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Senior soccer players awarded All-Met status

Senior+forward+Andreas+Djurhuus+earned+a+spot+on+the+boys+All-Met+first+team.+Photo+by+Jefferson+Luo.
Senior forward Andreas Djurhuus earned a spot on the boys All-Met first team. Photo by Jefferson Luo.

Senior forward Andreas Djurhuus earned a spot on the boys All-Met first team. Photo by Jefferson Luo.

Senior forward Andreas Djurhuus earned a spot on the boys All-Met first team. Photo by Jefferson Luo.

By Daniel Weber

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Last month, the Washington Post awarded two leaders of the Whitman boys and girls soccer teams All-Met status in their fall season selections.

Senior forward Andreas Djurhuus earned a spot on the boys All-Met first team and senior forward Mary Dimitrov garnered an honorable mention.

As a four-year starter, Djurhuus has played a key role in the success of Whitman varsity soccer throughout his career. However, after switching positions from defender to forward, and finally to striker, Djurhuus’ impact on the field has been felt throughout the Washington metropolitan area. This is his second major individual accolade in two years, as he made the Maryland All-State first team in 2015.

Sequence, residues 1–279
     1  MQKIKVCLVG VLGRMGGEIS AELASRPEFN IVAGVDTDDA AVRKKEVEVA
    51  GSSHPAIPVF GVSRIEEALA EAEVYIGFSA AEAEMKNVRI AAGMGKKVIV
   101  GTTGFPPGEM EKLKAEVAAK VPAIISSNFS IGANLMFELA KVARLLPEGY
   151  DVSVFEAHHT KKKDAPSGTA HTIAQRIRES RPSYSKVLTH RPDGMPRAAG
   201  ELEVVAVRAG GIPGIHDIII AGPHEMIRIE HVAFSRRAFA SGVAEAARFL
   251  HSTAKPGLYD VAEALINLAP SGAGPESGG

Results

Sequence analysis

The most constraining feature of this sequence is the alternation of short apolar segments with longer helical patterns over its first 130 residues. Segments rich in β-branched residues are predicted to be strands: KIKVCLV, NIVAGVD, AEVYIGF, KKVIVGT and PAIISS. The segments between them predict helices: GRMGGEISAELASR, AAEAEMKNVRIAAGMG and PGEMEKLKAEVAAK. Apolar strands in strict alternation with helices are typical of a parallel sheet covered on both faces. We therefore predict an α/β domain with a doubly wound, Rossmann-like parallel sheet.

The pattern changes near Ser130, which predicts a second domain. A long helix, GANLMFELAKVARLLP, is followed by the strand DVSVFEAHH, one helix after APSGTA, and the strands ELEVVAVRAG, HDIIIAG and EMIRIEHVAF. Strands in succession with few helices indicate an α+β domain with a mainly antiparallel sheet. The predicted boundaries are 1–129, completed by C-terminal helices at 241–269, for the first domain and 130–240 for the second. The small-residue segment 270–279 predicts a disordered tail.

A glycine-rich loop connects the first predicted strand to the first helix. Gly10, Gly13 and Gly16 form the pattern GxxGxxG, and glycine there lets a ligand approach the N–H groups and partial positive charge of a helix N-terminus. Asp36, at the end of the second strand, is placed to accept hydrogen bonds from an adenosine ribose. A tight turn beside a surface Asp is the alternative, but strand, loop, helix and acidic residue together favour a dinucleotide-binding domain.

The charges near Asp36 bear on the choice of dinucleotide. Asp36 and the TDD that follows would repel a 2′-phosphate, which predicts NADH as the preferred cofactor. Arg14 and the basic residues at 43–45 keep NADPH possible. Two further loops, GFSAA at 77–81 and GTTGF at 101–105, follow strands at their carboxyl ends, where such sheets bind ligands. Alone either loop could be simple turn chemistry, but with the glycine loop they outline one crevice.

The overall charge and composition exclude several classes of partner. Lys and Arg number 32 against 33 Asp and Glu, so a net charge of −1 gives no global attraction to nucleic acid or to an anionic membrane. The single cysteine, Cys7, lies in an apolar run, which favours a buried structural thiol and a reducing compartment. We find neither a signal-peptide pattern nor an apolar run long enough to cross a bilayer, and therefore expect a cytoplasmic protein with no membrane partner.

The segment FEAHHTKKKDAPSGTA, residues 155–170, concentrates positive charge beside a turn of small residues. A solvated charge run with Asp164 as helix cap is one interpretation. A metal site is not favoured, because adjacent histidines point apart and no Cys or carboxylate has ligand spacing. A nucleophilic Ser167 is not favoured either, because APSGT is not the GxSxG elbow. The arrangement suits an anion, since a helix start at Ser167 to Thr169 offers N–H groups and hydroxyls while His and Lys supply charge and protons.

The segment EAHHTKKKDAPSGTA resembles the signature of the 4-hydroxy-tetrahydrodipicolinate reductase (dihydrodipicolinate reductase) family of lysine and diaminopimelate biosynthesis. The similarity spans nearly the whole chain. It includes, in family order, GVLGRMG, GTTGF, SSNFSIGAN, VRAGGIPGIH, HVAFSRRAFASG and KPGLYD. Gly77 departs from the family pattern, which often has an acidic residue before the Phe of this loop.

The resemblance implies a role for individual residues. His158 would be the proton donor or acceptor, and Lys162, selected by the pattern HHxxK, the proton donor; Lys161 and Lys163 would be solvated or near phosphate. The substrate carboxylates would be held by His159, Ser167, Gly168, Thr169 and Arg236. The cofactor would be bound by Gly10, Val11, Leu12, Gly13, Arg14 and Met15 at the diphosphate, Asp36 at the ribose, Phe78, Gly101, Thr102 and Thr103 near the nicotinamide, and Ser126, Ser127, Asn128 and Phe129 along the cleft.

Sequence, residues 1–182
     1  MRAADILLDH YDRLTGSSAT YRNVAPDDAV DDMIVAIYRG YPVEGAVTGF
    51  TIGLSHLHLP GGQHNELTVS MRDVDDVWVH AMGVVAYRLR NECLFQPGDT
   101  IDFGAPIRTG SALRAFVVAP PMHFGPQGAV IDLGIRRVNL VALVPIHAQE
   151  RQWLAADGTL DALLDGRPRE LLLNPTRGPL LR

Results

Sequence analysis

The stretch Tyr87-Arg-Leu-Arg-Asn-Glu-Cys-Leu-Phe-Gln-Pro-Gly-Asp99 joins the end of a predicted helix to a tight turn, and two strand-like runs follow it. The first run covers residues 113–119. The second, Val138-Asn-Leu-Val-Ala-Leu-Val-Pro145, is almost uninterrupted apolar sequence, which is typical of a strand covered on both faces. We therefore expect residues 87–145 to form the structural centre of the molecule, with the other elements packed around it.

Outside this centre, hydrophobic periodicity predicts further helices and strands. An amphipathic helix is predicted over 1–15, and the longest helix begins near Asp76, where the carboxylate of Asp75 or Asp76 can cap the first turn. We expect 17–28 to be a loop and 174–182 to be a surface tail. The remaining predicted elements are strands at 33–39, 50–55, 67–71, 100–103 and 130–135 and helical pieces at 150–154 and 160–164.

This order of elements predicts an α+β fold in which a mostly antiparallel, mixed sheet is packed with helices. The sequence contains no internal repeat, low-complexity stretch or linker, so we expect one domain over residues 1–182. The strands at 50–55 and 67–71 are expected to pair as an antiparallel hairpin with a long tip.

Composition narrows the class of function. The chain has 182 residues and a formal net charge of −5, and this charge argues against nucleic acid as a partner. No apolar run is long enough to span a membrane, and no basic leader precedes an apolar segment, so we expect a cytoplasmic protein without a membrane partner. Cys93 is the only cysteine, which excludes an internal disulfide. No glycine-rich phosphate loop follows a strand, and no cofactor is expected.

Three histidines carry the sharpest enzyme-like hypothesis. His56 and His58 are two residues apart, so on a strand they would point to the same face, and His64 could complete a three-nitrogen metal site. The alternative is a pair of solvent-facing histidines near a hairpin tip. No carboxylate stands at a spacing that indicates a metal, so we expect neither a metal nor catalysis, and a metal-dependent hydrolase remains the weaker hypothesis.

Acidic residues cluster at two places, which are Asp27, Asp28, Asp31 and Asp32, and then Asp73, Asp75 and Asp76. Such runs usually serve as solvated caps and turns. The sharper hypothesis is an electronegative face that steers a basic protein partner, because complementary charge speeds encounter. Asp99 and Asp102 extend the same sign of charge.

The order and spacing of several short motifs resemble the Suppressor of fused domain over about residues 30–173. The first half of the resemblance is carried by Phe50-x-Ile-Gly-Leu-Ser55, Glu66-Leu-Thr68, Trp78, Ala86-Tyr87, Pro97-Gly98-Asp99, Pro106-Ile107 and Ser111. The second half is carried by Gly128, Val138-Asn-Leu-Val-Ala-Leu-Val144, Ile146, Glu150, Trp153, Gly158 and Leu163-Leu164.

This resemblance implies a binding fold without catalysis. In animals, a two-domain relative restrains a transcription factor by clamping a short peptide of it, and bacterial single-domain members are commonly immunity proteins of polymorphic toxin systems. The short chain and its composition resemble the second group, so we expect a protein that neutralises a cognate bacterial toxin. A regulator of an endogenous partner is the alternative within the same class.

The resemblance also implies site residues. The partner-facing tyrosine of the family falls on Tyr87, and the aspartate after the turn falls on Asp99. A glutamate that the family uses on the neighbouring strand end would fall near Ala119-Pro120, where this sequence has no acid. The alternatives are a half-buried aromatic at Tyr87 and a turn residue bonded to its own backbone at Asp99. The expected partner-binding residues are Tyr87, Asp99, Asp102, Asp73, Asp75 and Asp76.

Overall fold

“I was happy my efforts didn’t go unnoticed during the season,” Djurhuus said. “I’ve been putting in a lot of effort and a lot of work, and it’s been a team that has meant a lot to me over the last four years, so it was a good end to the season.”

Forward Mary Dimitrov garnered an honorable mention on the All-Met team. Photo by Jefferson Luo.

As for Dimitrov, she played on the JV soccer team for two years before joining varsity her junior year. This season, she led the Vikings with eight goals and eight assists. The girls soccer team made significant playoff runs the past two seasons, yet Dimitrov’s All-Met selection marks her first large-scale award from her Whitman career.

“I think it shows that you don’t have to be on varsity all four years to succeed in your sport,” Dimitrov said. “It was a great conclusion to my senior year.”

Despite receiving this high praise from the sportswriters at the Washington Post, both athletes were disappointed that their respective teams couldn’t get the same recognition.

“With soccer, it’s not just one individual out there, there’s 11 players,” Djurhuus said. “If you go out playing as 11 individuals, you’re not going to win games. I’d say it was 90 percent my teammates and 10 percent me.”

Mary Dimitrov is a news editor for the Black & White.

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